# Markov property for discrete Markov chains. A question about "adjacent random variables"

Consider a discrete Markov chain (with values in $\mathbb R$) $\{X_n:\, n\in\mathbb N\}$: namely the state space $S$ is a countable subset of $\mathbb R$ and the random variables are $X_0, X_1, X_2\ldots$

Now, one definition of Markov property for $\{X_n\}$, assuming the above hypothesis, is the following:

1) For every $n_0,\ldots,n_{k+1}\in\mathbb N$ and every $i_0,i_2,\ldots,i_{k+1}\in S$ $$P(X_{n_{k+1}}=i_{k+1}\,|\, X_{n_0}=i_0,\ldots,X_{n_k}=i_k)=P(X_{n_{k+1}}=i_{k+1}\,|\,X_{n_k}=i_k)$$

I have to show that this property is equivalent to the following different condition involving only "adjacent random variables":

2) For every $k\in\mathbb N$ and every $i_0,i_2,\ldots,i_{k+1}\in S$ $$P(X_{k+1}=i_{k+1}\,|\, X_0=i_0,\ldots, X_k=i_k)=P(X_{k+1}=i_{k+1}\,|\, X_k=i_k)$$

Clearly $1)\Rightarrow 2)$ but I have problems to show the opposite implication. Intuitively the equivalence sounds plausible to me, but I can't write a formal proof.

Let $n_0, n_1, n_2\in\mathbb N$ and $i_0, i_1, i_2 \in S$ be given. We'll expand the expression in the following way.

$$P(X_{n_{2}}=i_{2}\,|\, X_{n_1}=i_1, X_{n_0}=i_0)=$$ $$\frac{P(X_{n_{2}}=i_{2}, X_{n_1}=i_1, X_{n_0}=i_0)}{P(X_{n_1} = i_1, X_{n_0} = i_0)} =$$ $$\frac{\sum_{(k_q)}\sum_{(j_q)} P(X_{n_{2}}=i_{2}, X_{n_{2}-1}=k_{n_2-n_1-1},\dots,X_{n_{1}+1}=k_{1} \mid X_{n_1}=i_1, X_{n_{1}-1}=j_{n_1-n_0-1},\dots,X_{n_{0}+1}=j_{1}, X_{n_0}=i_0) \cdot P(X_{n_1}=i_1, X_{n_{1}-1}=j_{n_1-n_0-1},\dots,X_{n_{0}+1}=j_{1}, X_{n_0}=i_0)} {P(X_{n_1} = i_1, X_{n_0} = i_0)} =$$ $$\frac{\sum_{(k_q)} P(X_{n_{2}}=i_{2}, X_{n_{2}-1}=k_{n_2-n_1-1},\dots,X_{n_{1}+1}=k_{1} \mid X_{n_1}=i_1) \cdot \sum_{(j_q)} P(X_{n_1}=i_1, X_{n_{1}-1}=j_{n_1-n_0-1},\dots,X_{n_{0}+1}=j_{1}, X_{n_0}=i_0)} {P(X_{n_1} = i_1, X_{n_0} = i_0)} =$$ $$\sum_{(k_q)} P(X_{n_{2}}=i_{2}, X_{n_{2}-1}=k_{n_2-n_1-1},\dots,X_{n_{1}+1}=k_{1} \mid X_{n_1}=i_1) =$$ $$P(X_{n_{2}}=i_{2} \mid X_{n_1}=i_1)$$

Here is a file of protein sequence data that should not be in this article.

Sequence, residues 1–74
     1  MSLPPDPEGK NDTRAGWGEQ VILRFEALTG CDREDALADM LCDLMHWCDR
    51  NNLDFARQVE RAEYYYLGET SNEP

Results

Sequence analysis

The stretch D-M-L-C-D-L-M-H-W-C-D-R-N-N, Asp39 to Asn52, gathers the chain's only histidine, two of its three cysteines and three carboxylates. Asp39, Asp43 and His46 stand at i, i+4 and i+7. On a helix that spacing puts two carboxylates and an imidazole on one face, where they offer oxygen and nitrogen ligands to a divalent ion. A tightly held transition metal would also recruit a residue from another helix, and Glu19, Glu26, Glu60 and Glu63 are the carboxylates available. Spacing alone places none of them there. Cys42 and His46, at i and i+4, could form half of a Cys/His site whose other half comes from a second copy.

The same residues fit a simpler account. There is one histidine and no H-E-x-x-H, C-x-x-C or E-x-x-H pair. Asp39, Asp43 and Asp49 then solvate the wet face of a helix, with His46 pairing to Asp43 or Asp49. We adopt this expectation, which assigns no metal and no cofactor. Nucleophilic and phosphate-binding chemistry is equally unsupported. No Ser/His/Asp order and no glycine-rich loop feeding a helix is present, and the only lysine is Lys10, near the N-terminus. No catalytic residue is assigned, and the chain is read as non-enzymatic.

Equality:

1. Def. of conditional probability.
2. Law of total probability.
3. Hypothesis of "neighbor" Markov Property.
4. Law of total probability, and simplify fraction.

The notation $\sum_{(k_q)}$ and $\sum_{(j_q)}$ means to sum over all paths in the sample space from $i_1$ to $i_2$ and $i_0$ to $i_1$, respectively.

You would then need to repeat this argument via an induction proof. The algebra is more or less the same, although the notation is more verbose. I will fill in the induction portion if you think it would be helpful.